• Color: Concrete countertops are the natural gray color of concrete unless you add a color to the mix. In this case, you can make them just about any color you want.
  • Versatility: Concrete countertops can be cast on site into any shape or size.
  • Seams: If you cast concrete countertops on site, they can usually be built without any seams.
  • Appearance Over Time: The appearance of concrete countertops can change over time which can be a benefit or a disadvantage. Keep them clean and care for them properly and they’ll look beautiful for decades. However, if you don’t, they’ll develop stains.

Concrete Countertop Gallery

Here’s a small gallery filled with some of my favorite concrete countertops in a variety of applications and styles.

can concrete countertops handle heat Beautiful modern kitchen with concrete countertops and solid slab marble backsplash.

Beautiful modern kitchen with concrete countertops and solid slab marble backsplash.

can concrete countertops handle heat One piece solid concrete sink and countertop with backsplash.

One piece solid concrete sink and countertop with backsplash.

can concrete countertops handle heat Concrete countertops surrounding a gas fireplace.

Concrete countertops surrounding a gas fireplace.

can concrete countertops handle heat Concrete countertops around an exterior grill with built in sink.

Concrete countertops around an exterior grill with built in sink.

can oncrete countertops handle heat Rustic style kitchen with concrete countertops.

Rustic style kitchen with concrete countertops.

Summary: Can Concrete Countertops Handle Heat?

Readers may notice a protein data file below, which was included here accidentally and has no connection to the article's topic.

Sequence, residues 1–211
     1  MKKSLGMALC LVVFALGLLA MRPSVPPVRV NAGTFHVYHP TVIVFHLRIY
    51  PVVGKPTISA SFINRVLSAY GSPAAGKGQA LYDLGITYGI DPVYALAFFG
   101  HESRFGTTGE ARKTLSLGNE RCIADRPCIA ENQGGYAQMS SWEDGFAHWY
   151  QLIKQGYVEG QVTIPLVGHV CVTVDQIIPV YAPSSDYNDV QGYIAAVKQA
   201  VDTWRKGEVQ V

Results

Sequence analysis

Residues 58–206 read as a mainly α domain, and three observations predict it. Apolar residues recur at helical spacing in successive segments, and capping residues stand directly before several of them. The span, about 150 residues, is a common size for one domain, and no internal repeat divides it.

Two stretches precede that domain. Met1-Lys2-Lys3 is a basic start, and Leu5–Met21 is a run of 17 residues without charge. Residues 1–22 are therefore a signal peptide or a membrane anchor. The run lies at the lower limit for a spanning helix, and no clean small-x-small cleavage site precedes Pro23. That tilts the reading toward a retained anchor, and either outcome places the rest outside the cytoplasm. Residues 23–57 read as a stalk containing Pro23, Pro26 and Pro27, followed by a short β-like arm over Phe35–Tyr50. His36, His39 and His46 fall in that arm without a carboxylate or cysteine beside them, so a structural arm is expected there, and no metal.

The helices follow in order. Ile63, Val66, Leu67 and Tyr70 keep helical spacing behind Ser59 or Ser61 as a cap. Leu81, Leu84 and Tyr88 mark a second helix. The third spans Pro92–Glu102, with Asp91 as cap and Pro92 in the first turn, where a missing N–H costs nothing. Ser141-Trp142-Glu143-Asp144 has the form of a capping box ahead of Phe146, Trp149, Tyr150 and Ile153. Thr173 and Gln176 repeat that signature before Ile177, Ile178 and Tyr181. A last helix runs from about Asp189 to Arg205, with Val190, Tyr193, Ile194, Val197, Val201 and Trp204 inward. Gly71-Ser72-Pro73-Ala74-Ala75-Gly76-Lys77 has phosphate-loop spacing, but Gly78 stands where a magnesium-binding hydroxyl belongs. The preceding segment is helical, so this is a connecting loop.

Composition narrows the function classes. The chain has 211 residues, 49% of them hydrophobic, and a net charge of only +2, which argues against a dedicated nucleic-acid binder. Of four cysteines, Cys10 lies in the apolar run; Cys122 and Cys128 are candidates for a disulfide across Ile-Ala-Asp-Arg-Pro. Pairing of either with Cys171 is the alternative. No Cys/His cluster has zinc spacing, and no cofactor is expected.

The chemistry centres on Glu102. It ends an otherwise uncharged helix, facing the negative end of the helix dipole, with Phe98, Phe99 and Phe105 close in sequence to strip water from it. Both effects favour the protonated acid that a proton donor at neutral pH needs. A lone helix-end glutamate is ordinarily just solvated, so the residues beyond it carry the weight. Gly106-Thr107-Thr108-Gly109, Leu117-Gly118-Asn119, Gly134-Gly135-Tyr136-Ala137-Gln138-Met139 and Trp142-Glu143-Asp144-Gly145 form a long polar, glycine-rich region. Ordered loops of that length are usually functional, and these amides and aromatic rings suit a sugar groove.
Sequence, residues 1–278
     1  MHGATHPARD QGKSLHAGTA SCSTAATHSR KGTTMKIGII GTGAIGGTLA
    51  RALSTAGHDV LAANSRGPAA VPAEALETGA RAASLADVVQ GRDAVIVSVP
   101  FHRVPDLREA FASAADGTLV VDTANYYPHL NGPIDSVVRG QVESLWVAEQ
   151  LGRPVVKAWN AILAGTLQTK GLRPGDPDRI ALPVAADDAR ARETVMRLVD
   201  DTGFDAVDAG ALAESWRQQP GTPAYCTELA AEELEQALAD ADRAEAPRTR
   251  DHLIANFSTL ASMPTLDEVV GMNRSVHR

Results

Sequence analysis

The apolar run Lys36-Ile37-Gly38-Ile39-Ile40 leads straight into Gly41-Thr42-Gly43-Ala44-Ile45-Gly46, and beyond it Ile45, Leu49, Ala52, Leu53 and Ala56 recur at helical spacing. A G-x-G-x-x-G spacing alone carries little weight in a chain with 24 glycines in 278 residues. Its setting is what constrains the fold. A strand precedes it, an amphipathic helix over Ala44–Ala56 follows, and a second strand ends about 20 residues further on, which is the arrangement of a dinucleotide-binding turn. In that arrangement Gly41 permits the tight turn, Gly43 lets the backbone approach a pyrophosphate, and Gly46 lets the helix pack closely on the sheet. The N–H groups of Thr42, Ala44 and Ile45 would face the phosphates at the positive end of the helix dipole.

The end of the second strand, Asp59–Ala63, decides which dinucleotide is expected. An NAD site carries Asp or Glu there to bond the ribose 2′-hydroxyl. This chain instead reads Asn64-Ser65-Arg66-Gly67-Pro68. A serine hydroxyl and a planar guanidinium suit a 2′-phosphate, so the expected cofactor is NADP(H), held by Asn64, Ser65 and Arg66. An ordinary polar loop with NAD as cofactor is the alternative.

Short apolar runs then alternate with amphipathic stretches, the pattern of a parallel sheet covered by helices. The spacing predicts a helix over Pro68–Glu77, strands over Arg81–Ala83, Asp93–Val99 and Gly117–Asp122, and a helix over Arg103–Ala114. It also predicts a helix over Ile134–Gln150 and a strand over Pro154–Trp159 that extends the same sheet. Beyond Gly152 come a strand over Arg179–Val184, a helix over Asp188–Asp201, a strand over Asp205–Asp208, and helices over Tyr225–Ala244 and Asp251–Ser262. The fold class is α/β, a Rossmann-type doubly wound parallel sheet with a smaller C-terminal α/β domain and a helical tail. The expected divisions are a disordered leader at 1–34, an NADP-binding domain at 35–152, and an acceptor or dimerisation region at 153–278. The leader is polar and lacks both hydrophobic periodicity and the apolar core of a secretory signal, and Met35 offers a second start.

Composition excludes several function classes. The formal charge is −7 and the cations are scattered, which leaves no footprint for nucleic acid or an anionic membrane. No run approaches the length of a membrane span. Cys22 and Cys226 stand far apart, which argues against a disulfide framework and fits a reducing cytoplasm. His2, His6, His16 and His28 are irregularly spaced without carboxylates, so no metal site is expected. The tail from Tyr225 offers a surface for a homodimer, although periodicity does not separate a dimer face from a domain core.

Concrete countertops are made from regular concrete like Quikrete that’s poured into forms either at a factory or on site. Concrete is made by mixing cement, sand and stone with water. The ratio of each ingredient used in the mixture is called the concrete mix ratio. Special concrete mixes have been created which are better for making countertops. They typically have more cement, finer sand and smaller, more rounded stones. Many also include chemical hardeners and fibers which strength the countertops and make them harden faster. But it’s still basically concrete. No matter what you do to the mix ratio, the concrete retains it’s inherent properties which includes heat resistance. This is why concrete countertops handle heat so well.

Concrete countertops are a masonry material. And like all masonry materials, it can handle high amounts of heat without a problem. Concrete won’t break, melt or burn if you put a hot pan or pot on it. However, you have to be careful when the countertop is sealed. Concrete is a porous material that needs to be sealed periodically. And sealants are effected by heat. If you place high heat on a sealed concrete countertop, you could damage the sealant. However you still won’t be damaging the concrete.

There are many types of heat and lots of places you could build a concrete countertop. In this article we’ll discuss the different types of concrete countertops and how well they handle heat.

If you have any questions about concrete countertops, email any time.

Related Posts

SUBSCRIBE

Get Notified About New Articles, GREAT DEALS on Home Goods, Videos & Product Reviews.

We Update Weekly & It’s All Completely FREE.